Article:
HOPE springs eternal

Daily Sundial

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F or most observers, a Paris Hilton book signing would seem, at worst, like the setup for a bad joke–maybe one about her having to spell-check her autograph or something.

But for Chris Jackson, it was the final straw.

“I mean, that’s just the lowest of the low,” the 28-year-old television writer and producer said of the platinum blonde socialite’s appearance at a West Hollywood bookstore last September, where she was scrawling her name on copies of her literary masterwork, “Confessions of an Heiress: A Tongue-in-Chic Peek Behind the Pose.”

So Jackson, tired of just sitting around and complaining to his friends about the pathetic state of popular entertainment, finally decided to get off his couch and do something about it.

Jackson rounded up several dozen similarly disgusted individuals and, armed with signs and the steely nerve of striking union workers, marched to the Tower Records on Sunset Boulevard to protest.

By the end of the day, Jackson had been joined by more than 100 protestors, and his plight received mainstream news coverage.

It was from that act of pop culture disobedience that Jackson discovered his true mission in life: to fight mediocre entertainment wherever it may appear, whether it be in movies, music or on television.

Days after the anti-Hilton rally, he gave his movement a name: Horrified Observers of Pedestrian Entertainment.

The group’s website has received nearly 10 million hits to date and its membership has reached 3,000 worldwide.

“We want to improve the state of pop-culture to reflect what the American public wants more than what massive media conglomerates are forcing down our throats,” Jackson said. “We’ve tried just turning off the TV, we’ve tried not listening to the radio, but it doesn’t work.”

Instead of simply boycotting what they perceive to be lousy products, HOPE takes a more proactive approach, actively campaigning against them.

Since the group’s start six months ago, they declared war on the Jimmy Fallon-Queen Latifah flop “Taxi,” passing out copies of the film’s universally crappy reviews to people standing in line at movie theaters.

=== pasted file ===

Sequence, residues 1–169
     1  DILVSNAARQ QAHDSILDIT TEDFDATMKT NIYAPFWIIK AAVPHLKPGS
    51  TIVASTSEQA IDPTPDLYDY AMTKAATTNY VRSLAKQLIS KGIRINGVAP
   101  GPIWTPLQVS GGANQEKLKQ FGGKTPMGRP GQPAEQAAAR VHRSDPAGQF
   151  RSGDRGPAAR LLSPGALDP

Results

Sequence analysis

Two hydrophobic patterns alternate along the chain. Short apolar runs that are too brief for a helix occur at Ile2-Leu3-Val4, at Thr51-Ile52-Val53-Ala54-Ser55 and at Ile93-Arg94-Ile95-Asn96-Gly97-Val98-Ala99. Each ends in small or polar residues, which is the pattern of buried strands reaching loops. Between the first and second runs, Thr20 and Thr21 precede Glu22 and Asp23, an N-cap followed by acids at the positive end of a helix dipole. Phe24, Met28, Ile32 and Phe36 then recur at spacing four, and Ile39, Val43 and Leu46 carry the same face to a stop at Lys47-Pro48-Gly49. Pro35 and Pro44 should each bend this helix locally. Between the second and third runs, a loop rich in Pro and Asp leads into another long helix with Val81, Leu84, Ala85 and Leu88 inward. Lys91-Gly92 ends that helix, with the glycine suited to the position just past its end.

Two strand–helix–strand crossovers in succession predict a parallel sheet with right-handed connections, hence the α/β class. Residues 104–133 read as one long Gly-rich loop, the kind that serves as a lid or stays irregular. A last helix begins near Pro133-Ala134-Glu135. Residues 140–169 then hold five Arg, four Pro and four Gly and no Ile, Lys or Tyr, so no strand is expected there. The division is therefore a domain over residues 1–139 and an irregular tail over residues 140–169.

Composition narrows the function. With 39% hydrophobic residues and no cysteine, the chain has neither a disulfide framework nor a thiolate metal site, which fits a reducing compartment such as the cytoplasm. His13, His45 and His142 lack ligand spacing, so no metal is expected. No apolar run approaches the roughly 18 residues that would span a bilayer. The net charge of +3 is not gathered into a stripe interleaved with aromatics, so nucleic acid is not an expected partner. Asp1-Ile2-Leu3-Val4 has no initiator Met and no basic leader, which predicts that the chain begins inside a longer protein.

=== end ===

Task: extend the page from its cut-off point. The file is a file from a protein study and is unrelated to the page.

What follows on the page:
They partnered with adoption groups to oppose the short-lived FOX reality show “Who’s Your Daddy?”.

The group started a Britney Spears and Ashlee Simpson CD exchange program and, most recently, crashed the red carpet at the Oscars.

Of course, conventional marketing wisdom dictates that such tactics will only bring attention to the offending movie/TV show/pop singer/hotel heiress, thus playing right into the grubby hands of the publicists who handle them.

But Jackson said that kind of logic no longer applies to today’s media landscape.

“I’ll hear people say now and again, ‘When you’re protesting, aren’t you giving them publicity? Isn’t all publicity good publicity?’ Nothing could be further from the truth,” Jackson said. “These companies can generate their own publicity. They don’t need us. The only way to stop things nowadays is to give it a negative buzz.”

While Jackson admits most of their crusades are conducted with their tongues firmly planted in their cheeks, HOPE does carry a serious message about the threat of media consolidation and deregulation.

“People get so hung up on Democrats and Republicans, but the bigger enemy is corporate culture, which has no political leanings or bias,” Jackson said.